Navigation Links
Active Social Life Helps Keep Aging Mind Sharp
Date:5/29/2008

Another study finds institutionalization especially common after the death of a spouse

THURSDAY, May 29 (HealthDay News) -- People who keep up active social lives as they age may be doing their brain a favor, a new study finds.

Being socially active may increase feelings of self-worth and emotional validation that could end up helping maintain memory, researchers say. Social interaction may also present older minds with new challenges, keeping the brain more agile.

"We assessed social integration by marital status, volunteer activities and frequency of contact with children and neighbors," explained lead researcher Karen Ertel, a postdoctoral fellow in the Department of Society, Human Development and Health at the Harvard School of Public Health, Boston.

Her team found that "people who were most socially integrated had memory decline of less than half the rate compared with those who were the least socially integrated," Ertel said.

The report is published in the May 29 online edition of the American Journal of Public Health.

In the study, Ertel's team collected data on almost 17,000 Americans, 50 and older, who participated in the Health and Retirement Study. To test memory, the researchers had participants memorize a list of 10 words. Over six years, researchers tested recall of the word list to assess any decline in immediate and delayed recall.

Average memory scores declined from 11 in 1998 to 10 in 2004, the researchers reported. People who were more socially engaged at the start of the study had a slower decline in memory, compared with people who were more socially isolated, the researchers found.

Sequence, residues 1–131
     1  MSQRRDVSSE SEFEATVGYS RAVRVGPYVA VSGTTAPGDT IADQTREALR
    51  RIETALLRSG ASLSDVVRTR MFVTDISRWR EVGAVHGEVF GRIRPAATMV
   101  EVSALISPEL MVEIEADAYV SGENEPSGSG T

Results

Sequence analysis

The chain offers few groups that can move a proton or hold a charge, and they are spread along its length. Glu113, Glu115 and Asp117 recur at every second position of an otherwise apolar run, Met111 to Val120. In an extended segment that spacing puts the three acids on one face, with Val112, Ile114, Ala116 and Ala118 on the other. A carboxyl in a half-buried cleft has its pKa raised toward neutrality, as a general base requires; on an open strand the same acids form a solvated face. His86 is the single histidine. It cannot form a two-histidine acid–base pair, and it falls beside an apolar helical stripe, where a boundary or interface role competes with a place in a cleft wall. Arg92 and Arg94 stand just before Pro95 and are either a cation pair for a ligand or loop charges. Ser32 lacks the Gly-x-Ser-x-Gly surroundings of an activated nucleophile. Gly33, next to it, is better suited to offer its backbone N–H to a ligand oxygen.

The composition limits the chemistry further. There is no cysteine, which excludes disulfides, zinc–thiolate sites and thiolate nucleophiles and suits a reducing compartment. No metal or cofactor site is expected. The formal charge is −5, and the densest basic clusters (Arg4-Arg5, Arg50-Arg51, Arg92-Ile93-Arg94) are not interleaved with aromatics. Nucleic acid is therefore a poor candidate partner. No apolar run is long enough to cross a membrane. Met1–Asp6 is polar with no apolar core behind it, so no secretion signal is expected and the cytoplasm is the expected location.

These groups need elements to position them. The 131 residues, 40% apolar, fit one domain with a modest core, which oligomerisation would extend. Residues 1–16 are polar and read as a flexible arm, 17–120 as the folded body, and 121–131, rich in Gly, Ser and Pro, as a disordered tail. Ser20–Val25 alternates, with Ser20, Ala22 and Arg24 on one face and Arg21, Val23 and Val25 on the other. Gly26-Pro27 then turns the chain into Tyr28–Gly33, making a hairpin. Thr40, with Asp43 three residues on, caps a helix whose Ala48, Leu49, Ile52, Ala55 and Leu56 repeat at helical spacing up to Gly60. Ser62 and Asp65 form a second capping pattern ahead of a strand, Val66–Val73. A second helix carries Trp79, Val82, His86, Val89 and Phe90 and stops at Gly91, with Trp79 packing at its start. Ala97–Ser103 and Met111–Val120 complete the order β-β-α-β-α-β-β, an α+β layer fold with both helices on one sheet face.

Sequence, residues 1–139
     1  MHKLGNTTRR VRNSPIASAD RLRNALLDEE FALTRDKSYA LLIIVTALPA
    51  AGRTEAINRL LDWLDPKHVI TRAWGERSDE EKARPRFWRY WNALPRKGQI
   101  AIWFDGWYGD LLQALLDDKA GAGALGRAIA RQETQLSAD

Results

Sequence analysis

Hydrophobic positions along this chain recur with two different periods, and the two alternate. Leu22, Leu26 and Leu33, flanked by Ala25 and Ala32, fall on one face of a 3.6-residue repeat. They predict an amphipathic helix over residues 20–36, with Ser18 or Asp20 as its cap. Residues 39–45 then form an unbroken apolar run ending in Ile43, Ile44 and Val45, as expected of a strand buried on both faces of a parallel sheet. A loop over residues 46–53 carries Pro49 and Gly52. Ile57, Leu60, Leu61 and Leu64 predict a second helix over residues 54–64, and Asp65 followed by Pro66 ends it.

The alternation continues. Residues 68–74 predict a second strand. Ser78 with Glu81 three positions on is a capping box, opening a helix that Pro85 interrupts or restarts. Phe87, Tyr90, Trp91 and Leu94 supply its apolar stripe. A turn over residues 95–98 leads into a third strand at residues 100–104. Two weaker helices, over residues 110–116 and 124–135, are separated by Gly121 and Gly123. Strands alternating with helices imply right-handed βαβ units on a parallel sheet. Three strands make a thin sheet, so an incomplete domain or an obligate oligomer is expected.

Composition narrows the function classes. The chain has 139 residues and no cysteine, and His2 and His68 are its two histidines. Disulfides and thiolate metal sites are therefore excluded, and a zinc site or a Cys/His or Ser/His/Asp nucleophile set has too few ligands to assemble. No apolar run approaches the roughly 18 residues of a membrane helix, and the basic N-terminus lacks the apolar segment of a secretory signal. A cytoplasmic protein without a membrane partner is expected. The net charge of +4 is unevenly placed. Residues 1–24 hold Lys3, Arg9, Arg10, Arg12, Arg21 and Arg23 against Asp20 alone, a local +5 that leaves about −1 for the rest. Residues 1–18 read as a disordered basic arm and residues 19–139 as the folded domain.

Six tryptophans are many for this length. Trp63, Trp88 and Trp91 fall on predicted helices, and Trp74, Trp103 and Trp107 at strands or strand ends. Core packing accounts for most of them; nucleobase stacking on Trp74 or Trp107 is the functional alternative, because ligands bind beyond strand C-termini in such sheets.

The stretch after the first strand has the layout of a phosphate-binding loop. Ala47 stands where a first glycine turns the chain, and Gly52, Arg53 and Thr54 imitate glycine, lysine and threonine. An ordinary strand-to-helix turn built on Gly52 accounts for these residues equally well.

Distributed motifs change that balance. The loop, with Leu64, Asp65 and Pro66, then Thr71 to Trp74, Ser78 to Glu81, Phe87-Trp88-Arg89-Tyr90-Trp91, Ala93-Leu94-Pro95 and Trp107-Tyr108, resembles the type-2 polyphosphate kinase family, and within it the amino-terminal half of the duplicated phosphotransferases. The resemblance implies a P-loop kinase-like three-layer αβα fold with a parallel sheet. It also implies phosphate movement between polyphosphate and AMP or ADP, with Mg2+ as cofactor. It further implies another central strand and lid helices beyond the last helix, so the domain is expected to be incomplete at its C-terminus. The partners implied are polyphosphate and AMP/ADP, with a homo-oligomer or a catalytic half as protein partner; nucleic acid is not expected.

According to Ertel, the findings indicate that "social activity may help preserve cognitive functioning in the elderly. In addition, people who are socially active may also have other healthful behaviors, which may be related to cognition and better physical health."

In another study in the same issue of the journal, Finnish researchers reported that elderly people are more likely to be institutionalized following the death of a spouse.

"We found that the risk of entering long-term institutional care was higher among older adults who had lost their spouse than among those living with their spouse," said lead researcher Elina Nihtila, from the department of sociology at the University of Helsinki.

Moreover, the excess risk of institutionalization was highest during the first month after the spouse's death, Nihtila said. "The risk was more than three times among both men and women, and decreased with time from bereavement, stabilizing at approximately 20 percent to 50 percent higher over one to five years," she said.